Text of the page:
Wednesday, July 22, 2009
When the recovery comes, job growth also is most likely to resurge first in the red states, while the blue states continue to lag behind. For reasons as diverse as regulatory policy, aging infrastructure, and high levels of taxation, blue states continue to be more susceptible to recessions than their red counterparts.
This assumption is borne out by anof economic cycles by the website JobBait.com, which has found that since 1990 the states most vulnerable to economic downturns include the Great Lakes states of Michigan, Illinois, Ohio, and New York as well as Connecticut and California. Those most resistant have been generally red bastions such as the Dakotas, Nebraska, and Texas, and resource-rich states such as Alaska, Montana, New Mexico, and Wyoming.
This suggests that even the hardest-hit red states, notably Florida and Arizona, are likely better positioned in the long term for a recovery. A generation of out-migration may be slowing down temporarily due to the recession, but many people moved to places such as Arizona, Florida, Texas, and Georgia over the first seven years of the decade; in contrast, the high-tax blue states, including New York, New Jersey, and California, lost 1,100 people every day between 1998 and 2007. Most of them headed to the red states.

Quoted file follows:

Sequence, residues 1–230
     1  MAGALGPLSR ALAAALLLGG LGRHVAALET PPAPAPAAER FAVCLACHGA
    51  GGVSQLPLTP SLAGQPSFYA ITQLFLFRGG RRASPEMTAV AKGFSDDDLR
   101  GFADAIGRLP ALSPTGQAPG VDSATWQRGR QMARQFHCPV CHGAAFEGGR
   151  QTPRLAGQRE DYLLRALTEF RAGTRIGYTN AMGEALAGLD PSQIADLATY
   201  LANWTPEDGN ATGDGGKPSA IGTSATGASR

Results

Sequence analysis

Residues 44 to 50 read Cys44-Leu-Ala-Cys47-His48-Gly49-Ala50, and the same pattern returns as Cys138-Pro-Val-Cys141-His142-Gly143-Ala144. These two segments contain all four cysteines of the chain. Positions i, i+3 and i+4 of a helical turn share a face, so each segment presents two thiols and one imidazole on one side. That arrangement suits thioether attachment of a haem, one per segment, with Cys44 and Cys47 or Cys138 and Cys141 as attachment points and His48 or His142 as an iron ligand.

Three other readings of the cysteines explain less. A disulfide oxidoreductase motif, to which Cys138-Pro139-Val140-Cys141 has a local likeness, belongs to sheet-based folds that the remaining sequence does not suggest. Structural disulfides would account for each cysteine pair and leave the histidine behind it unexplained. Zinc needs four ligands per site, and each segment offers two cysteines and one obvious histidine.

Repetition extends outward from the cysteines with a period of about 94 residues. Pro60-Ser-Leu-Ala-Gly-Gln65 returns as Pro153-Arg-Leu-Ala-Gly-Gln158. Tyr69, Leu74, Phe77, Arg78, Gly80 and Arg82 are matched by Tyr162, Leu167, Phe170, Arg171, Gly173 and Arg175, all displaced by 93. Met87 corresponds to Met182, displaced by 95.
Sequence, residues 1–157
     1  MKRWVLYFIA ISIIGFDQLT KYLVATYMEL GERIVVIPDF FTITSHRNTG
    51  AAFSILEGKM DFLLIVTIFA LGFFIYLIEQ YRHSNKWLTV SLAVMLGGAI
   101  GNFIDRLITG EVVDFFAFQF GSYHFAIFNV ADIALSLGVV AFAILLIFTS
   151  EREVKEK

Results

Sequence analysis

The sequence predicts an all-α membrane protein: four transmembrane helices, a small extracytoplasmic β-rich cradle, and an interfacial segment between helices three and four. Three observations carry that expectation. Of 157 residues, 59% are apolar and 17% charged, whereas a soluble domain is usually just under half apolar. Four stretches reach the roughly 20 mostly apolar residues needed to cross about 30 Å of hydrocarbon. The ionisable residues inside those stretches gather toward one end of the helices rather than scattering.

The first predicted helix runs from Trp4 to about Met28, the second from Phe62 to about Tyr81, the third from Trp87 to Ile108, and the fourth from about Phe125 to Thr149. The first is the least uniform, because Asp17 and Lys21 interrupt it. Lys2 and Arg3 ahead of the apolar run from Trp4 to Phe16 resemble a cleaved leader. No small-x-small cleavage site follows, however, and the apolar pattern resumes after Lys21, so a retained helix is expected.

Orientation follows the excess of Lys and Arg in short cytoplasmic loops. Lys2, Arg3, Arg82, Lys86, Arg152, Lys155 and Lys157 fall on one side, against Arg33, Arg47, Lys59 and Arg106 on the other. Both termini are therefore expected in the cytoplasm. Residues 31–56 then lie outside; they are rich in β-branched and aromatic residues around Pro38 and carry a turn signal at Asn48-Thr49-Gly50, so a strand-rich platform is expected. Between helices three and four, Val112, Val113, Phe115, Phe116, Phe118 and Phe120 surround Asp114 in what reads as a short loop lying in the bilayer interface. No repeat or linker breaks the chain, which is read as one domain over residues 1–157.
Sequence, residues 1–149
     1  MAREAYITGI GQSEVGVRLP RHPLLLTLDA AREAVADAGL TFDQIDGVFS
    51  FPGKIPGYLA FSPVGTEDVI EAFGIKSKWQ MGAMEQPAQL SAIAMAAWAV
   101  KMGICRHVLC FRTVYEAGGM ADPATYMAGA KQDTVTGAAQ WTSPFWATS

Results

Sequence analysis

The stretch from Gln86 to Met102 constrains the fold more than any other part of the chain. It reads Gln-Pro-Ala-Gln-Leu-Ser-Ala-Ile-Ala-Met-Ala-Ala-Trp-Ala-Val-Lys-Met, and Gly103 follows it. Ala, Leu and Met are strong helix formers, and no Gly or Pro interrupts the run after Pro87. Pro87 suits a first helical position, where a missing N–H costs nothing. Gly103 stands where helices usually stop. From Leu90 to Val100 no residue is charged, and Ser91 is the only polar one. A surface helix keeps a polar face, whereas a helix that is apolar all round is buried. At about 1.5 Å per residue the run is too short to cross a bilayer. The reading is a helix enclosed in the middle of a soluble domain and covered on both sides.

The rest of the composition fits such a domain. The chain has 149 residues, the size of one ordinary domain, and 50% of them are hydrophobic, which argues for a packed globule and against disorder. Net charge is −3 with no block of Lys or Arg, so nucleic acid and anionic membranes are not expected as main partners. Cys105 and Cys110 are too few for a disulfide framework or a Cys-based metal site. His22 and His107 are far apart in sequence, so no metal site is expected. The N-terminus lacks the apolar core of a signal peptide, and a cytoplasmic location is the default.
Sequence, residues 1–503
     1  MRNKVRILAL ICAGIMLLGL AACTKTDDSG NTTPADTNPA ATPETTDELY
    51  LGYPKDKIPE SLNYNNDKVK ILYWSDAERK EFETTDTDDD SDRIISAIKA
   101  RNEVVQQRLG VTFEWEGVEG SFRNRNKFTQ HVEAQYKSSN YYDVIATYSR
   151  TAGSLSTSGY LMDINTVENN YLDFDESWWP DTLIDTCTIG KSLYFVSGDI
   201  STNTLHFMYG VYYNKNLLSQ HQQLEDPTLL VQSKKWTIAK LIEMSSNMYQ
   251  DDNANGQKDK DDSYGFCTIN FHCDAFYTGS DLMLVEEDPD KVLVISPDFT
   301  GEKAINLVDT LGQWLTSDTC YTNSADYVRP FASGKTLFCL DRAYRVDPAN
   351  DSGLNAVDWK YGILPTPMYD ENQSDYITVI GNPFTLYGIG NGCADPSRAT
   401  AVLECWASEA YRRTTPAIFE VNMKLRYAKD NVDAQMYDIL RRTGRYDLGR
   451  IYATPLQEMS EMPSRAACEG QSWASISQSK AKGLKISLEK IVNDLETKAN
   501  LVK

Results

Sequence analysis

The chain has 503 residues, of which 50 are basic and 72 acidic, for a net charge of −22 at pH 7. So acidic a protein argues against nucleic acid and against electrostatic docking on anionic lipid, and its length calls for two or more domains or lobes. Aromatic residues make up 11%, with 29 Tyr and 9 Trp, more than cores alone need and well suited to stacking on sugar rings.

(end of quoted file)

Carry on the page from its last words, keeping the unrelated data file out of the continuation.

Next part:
�When the economy comes back,� notes veteran California-based economist and forecaster Bill Watkins, �there will be a pent-up demand. People will compare and move to the places that are affordable and don�t have the fundamental tough tax and regulatory structures.�
From Joel Kotkin. The Pacific Research Institute's Economic Freedom in the States index makes Minnesota look only so-so on this scale, scoring below 30th of the fifty states for the size of government, fiscal, and regulatory policies.
I was interviewed yesterday for a longer piece by a reporter on which sectors would grow in central Minnesota, and where could you look for jobs now. The reporter had in her hands the results of a search from DEED's Employment Outlook Tool. Their projection is that we grow 1.4% a year in jobs in Central Minnesota. But they also expect heavy turnover of jobs as aging workers retire, with an additional 2% of per year needed to replace them. Suppose taxes rise; will retiring workers be replaced? Will skilled labor stay in-state?
Projections of labor force in Minnesota like these depend on assumptions about the cost of working and living in Minnesota.